Many educators and policymakers in American Indian/Alaska Native (AI/AN) communities are concerned that the Common Core State Standards (CCSS) will fall short of their goal to ensure the preparation of all students for college and/or career.

This paper explores how the CCSS could affect AI/AN students, and examines how to best implement the standards to increase the likelihood for college and career success for this group of students. Specifically, the paper describes:

  • The importance of understanding the diversity among AI/AN communities
  • Why today’s education reforms might be viewed as forced assimilation
  • How previous education reforms have failed
  • What needs to happen for the CCSS to work
  • The impact of No Child Left Behind

In addition, the paper includes recommendations for how local and state education agencies, researchers, and policymakers can best proceed to help prepare AI/AN students to succeed in college and/or career.

To view the report, click here.

This report is designed to help inform the following questions regarding American Indian students:

  • Are American Indian students prepared for college and career?
  • Are enough American Indian students taking core courses?
  • Are core courses rigorous enough?
  • Are younger American Indian students on target for college and career?
  • What other dimensions of college and career readiness should we track?
  • Are American Indian students who are ready for college and career actually succeeding?

American Indian students are less likely than their peers to meet key college readiness benchmarks, even when taking academically rigorous courses in high school, according to a new report released today by ACT and the National Indian Education Association.

The report, The Condition of College & Career Readiness 2014: American Indian Students, examines the academic preparation and postsecondary aspirations of American Indian 2014 high school graduates who took the ACT® test. It is the third in a series of seven reports that focus on demographic groups of ACT test takers from the 2014 high school graduating class.

Among the findings:

  • 55 percent of American Indian students failed to meet any of the four ACT College Readiness Benchmarks, and only one in 10 met all four. Among all students, 31 percent didn’t meet any Benchmarks, and 26 percent met all four.
  • Across all four subjects, the percentage of American Indian students meeting each Benchmark was lower than the proportion who took “core or more” (recommended core curriculum) courses.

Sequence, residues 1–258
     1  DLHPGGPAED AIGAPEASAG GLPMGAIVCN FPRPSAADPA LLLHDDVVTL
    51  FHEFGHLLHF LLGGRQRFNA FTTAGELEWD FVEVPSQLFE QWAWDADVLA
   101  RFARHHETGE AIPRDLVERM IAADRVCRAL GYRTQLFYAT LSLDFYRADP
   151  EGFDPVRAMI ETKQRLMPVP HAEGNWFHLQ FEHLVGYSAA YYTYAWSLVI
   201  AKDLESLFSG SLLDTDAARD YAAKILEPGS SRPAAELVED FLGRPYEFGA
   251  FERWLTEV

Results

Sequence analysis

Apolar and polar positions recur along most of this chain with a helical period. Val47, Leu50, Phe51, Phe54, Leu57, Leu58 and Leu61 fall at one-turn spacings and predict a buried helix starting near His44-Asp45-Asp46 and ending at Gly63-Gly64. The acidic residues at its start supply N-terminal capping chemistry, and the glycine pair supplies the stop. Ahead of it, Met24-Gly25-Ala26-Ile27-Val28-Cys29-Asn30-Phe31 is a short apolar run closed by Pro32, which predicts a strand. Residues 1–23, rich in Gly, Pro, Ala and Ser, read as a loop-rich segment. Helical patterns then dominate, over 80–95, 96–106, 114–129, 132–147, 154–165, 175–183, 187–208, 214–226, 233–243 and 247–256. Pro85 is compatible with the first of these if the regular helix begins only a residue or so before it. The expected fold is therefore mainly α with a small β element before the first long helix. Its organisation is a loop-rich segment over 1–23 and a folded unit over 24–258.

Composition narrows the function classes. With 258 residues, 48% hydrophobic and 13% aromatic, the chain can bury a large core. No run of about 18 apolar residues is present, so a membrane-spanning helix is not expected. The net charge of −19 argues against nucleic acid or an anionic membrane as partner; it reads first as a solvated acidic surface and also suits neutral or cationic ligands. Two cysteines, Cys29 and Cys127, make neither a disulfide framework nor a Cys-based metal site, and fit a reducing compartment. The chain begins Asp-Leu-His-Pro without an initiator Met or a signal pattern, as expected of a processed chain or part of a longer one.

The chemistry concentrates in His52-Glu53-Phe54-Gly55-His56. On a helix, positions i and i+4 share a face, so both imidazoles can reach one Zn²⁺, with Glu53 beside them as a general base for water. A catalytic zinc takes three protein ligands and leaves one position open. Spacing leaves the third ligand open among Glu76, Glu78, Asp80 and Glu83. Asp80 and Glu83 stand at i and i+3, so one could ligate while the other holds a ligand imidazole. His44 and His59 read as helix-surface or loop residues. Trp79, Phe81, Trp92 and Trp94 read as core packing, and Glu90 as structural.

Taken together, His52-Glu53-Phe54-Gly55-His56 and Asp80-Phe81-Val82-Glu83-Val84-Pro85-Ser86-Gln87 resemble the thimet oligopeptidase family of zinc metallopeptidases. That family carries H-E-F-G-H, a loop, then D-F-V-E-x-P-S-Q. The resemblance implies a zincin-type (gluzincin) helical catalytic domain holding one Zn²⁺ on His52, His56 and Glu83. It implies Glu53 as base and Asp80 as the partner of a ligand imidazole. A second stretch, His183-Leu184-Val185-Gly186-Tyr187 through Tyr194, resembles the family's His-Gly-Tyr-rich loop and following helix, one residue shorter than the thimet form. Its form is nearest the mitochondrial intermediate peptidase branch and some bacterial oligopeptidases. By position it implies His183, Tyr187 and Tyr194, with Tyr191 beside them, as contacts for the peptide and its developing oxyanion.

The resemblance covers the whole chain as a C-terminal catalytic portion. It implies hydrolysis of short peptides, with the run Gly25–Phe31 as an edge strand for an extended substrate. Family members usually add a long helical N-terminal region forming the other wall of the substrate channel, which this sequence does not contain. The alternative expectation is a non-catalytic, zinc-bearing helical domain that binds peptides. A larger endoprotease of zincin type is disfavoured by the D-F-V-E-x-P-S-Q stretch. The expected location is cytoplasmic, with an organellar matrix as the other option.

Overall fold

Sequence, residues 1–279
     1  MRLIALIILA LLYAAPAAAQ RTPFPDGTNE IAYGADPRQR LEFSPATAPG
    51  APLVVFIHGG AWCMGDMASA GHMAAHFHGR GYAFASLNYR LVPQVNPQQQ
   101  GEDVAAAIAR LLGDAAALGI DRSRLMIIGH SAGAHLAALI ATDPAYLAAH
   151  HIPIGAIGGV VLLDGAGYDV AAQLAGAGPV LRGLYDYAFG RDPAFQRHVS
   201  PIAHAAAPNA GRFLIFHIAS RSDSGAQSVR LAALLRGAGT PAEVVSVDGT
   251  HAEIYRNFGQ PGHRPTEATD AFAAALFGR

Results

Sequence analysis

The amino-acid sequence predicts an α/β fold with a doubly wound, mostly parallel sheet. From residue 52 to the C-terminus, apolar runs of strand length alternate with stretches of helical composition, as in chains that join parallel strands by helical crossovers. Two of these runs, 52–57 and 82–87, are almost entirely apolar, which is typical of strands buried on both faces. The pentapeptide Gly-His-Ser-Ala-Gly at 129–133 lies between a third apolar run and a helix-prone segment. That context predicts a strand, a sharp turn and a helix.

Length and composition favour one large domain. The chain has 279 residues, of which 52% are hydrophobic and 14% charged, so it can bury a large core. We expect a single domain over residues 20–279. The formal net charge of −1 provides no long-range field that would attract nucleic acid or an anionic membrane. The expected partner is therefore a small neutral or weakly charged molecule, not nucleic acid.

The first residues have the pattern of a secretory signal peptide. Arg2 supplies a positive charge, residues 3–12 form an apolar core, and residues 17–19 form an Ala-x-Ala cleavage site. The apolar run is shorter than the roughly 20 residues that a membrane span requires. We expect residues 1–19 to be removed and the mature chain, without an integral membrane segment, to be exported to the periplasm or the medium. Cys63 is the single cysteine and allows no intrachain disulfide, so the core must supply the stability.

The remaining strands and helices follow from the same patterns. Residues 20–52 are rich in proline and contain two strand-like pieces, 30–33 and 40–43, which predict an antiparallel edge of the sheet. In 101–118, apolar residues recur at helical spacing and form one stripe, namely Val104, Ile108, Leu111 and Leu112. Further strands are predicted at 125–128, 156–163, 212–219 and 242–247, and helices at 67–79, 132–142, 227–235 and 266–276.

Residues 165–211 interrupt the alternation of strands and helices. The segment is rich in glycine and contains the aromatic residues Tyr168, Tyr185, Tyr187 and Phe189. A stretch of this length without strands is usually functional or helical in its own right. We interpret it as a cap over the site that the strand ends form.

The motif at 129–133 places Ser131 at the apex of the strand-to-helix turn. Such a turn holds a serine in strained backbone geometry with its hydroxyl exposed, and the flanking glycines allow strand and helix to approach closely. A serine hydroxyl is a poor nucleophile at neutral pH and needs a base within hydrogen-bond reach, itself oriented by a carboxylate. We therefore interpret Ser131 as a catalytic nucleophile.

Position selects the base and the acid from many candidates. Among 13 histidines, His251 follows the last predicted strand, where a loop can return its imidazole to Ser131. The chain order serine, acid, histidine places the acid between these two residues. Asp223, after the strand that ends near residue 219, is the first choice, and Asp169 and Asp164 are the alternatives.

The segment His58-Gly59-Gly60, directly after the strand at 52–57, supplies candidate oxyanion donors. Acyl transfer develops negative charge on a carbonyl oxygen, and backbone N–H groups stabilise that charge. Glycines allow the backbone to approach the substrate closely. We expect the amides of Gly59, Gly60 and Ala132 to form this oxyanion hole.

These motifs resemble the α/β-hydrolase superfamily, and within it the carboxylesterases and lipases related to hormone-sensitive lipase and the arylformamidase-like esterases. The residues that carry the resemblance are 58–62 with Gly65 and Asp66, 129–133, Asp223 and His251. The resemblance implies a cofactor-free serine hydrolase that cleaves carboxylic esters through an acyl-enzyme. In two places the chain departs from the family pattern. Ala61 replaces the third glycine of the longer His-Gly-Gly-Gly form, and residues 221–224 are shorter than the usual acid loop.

• In English, less than half—43 percent—of American Indian students who took related “core or more” courses met the Benchmark, compared to 67 percent of all students.
  • In reading, 28 percent who took “core or more” met the Benchmark, compared to 47 percent of all students.
  • In math, 23 percent who took “core or more” met the Benchmark, compared to 46 percent of all students.
  • In science, 22 percent who took “core or more” met the Benchmark, compared to 41 percent of all students.

To read the report, click here. For more information from the ACT website, click here.

The Condition of College & Career Readiness 2014 is ACT’s annual report on the progress of the graduating class relative to college readiness. This year, 57% of the graduating class took the ACT® college readiness assessment. The increased number of test takers over the past several years enhances the breadth and depth of the data pool, providing a comprehensive picture of the current graduating class in the context of readiness levels as well as offering a glimpse of the emerging educational pipeline.

This report is designed to help educators understand and answer the following questions:

  • Are your students prepared for college and career, and are your younger students on target?
  • Are enough of your students taking core courses, and are those courses rigorous enough?
  • What are the most popular majors/occupations, and what does the pipeline for each look like?
  • What other dimensions of college and career readiness, like academic behaviors, should educators track?
  • How are educators tracking progress on STEM initiatives?

The data includes average scores and benchmark attainment by state for the Class of 2014 as well as 2013 and other other readiness factors. To view the report, click here.